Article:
Backwards Rainbows

It probably only bothers me because I’m in Optics, and used to give lectures on rainbows, but it bugs me when people get it backwards.

everyone knows the order of colors because of ROY G. BIV or some other mnemonic, but that doesn’t mean that they put the colors correctly on a rainbow. I stumbled across this image of a rainbow at Sony studios in Culver City California:

It’s at the site where the 1939 Wizard of Oz was filmed, which is undoubtedly the reason for its presence. Do you see what’s wrong?

Here’s a picture of a real rainbow, for comparison:

The red band is on the outside, not the inside*. This is a sort of test of the artist – it shows their observational and memory skills. Even Peter Paul Rubens got this one wrong:

*(Don’t tell me that it’s on the inside of the secondary rainbow – that secondary rainbow is only visible if the primary rainbow is particularly bright, so an artist painting a secondary rainbow ought to be showing an even ore prominent primary bow – with the red on the convex outside)

Actually, it looks to me that Rubens got it pretty much right. His colors from outside to in are red, yellow, and blue. You seem to be objecting to the fact that there is a paler reddish band inside the blue. However, many photographic images, including your own, show a paler band inside the blue/violet. Rubens may not have gotten the color of the innermost band completely correct, but he deserves credit for having gotten the colors mostly correct and noticing that there was a paler band there at all.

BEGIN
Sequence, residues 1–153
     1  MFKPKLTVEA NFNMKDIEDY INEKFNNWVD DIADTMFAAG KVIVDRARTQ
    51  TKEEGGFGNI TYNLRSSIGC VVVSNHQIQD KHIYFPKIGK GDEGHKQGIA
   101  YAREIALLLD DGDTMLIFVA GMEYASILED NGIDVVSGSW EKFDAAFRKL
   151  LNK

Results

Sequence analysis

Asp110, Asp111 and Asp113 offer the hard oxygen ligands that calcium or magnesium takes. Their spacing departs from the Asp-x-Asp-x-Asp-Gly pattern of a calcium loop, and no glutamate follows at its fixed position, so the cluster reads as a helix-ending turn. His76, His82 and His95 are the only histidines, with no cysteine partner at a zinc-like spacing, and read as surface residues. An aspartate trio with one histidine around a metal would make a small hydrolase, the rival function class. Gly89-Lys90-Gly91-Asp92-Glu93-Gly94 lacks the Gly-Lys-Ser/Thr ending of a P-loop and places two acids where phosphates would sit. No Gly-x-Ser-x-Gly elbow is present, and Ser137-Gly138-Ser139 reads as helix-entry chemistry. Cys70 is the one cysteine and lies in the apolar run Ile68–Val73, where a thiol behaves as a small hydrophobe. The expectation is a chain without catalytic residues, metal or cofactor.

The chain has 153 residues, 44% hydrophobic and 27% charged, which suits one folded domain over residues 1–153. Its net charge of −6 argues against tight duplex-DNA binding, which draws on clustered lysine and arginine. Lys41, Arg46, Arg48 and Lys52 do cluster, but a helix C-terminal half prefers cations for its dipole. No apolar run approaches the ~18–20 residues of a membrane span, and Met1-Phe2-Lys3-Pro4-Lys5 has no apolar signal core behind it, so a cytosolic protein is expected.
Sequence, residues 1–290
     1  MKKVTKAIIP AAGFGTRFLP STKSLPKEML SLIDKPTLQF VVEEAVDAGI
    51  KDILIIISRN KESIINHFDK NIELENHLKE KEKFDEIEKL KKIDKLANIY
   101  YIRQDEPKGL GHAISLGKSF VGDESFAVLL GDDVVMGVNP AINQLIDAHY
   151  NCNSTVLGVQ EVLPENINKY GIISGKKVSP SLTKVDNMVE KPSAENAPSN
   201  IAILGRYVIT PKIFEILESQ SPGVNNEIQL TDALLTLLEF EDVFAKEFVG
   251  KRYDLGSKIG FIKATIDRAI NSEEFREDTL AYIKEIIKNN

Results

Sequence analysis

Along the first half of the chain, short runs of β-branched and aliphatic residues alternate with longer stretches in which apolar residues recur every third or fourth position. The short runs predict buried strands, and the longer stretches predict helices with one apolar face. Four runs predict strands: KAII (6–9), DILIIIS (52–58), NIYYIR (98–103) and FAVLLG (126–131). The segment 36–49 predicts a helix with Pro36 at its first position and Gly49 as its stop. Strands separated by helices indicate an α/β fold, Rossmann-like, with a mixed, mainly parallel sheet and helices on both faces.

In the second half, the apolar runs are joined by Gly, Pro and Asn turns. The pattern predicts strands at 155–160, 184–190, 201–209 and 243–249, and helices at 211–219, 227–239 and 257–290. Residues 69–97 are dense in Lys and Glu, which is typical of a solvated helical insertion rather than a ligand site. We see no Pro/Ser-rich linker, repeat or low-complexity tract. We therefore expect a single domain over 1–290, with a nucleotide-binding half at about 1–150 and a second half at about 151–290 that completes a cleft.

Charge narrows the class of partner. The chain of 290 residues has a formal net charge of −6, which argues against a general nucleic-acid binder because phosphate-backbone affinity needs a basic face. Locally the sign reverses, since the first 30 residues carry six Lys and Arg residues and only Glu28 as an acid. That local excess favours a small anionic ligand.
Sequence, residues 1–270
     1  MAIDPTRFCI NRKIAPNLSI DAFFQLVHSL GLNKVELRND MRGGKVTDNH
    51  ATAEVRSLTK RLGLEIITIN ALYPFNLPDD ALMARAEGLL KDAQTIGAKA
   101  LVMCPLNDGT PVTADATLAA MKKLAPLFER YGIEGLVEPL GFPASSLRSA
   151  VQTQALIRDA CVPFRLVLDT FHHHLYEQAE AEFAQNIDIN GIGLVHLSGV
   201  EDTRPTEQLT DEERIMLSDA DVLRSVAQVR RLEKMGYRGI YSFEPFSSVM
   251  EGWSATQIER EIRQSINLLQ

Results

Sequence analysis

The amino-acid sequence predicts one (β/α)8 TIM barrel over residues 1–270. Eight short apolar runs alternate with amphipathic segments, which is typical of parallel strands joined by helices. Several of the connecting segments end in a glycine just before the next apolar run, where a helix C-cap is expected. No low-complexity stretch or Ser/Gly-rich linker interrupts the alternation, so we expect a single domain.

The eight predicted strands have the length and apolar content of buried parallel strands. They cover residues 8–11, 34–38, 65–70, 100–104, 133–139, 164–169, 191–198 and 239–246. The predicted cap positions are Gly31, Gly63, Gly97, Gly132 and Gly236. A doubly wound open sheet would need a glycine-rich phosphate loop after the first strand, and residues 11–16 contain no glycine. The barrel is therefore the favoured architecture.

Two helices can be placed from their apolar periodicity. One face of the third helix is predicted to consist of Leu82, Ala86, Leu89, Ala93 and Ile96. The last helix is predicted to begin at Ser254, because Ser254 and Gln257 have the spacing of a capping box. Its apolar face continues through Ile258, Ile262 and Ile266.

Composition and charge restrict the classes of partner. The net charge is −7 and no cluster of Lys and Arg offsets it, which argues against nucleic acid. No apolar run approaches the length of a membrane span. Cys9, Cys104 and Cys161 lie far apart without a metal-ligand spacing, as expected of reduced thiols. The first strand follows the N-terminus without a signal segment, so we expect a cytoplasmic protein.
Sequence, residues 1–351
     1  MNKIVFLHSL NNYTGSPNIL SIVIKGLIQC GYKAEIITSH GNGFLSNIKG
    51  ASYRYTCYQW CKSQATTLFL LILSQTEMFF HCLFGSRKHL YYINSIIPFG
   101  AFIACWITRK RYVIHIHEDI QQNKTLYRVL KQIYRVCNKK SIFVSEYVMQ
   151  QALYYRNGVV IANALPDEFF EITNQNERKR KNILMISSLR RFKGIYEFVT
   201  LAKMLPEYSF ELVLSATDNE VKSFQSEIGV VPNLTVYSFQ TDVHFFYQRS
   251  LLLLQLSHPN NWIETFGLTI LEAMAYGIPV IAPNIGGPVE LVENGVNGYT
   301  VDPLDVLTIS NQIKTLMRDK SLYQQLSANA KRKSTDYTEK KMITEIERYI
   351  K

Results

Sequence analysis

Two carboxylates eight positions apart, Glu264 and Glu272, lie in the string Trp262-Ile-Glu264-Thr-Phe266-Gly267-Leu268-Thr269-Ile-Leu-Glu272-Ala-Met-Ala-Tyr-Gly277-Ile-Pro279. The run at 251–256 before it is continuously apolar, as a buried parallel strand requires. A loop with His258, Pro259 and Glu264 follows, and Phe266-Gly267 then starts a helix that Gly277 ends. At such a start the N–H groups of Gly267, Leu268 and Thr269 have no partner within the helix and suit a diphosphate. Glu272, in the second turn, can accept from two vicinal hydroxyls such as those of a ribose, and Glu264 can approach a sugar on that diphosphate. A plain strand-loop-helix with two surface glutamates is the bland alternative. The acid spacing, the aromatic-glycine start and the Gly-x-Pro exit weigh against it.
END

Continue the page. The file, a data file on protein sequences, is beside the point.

I would have said I’ve never noticed such a thing but, coincidentally, just yesterday I was watching tv and when the NBC logo came on, I had a conscious, albeit fleeting thought about how the colors were in the wrong order. Not exactly the same thing, but I notice when they aren’t in the order I expect them to be.

Most reproductions I’ve seen have a prominent inner red band, but not an outer band. I disagree that “he got the colors mostly correct” – his rainbow is atrocious in colors, and it’s in the wrong part of the sky, as well.

The Rubens one is close enough for me, and subject to artistic interpretation, anyway, because of the general color palette of the image. There’s a reddish color on top, a darker blue one somewhere towards the bottom–I’m perfectly fine with it. A literal rainbow would look garish in that scene.

I have a little rainbow toy in my 3-year-old’s room that drives me slightly nuts. The rainbow starts out fine: red, orange, yellow, but then goes blue and green, before stopping. I don’t mind the “abbreviated” rainbow, but the flip-flop of blue and green does irk me.

But the one you linked to clearly has a red outer band, as do other examples on Google. All of the colors are correctly located, except possibly the innermost one. It’s a poor example to illustrate what you are talking about.

One has to consider the possibilities that:

  • The colors are off in the reproduction vs the original, as they often are.

  • The colors have faded in the original over the nearly four centuries since it was painted.

  • The relatively subdued colors are an artistic choice. Rubens may have decided that having bright primary colors in the rainbow would be too much of a contrast with the neutral colors of the rest of the painting. Rubens was clearly going for a harmonious landscape. The actual one was certainly not as symmetrical and balanced as the one he painted. Such considerations would account for the placement of the rainbow as well.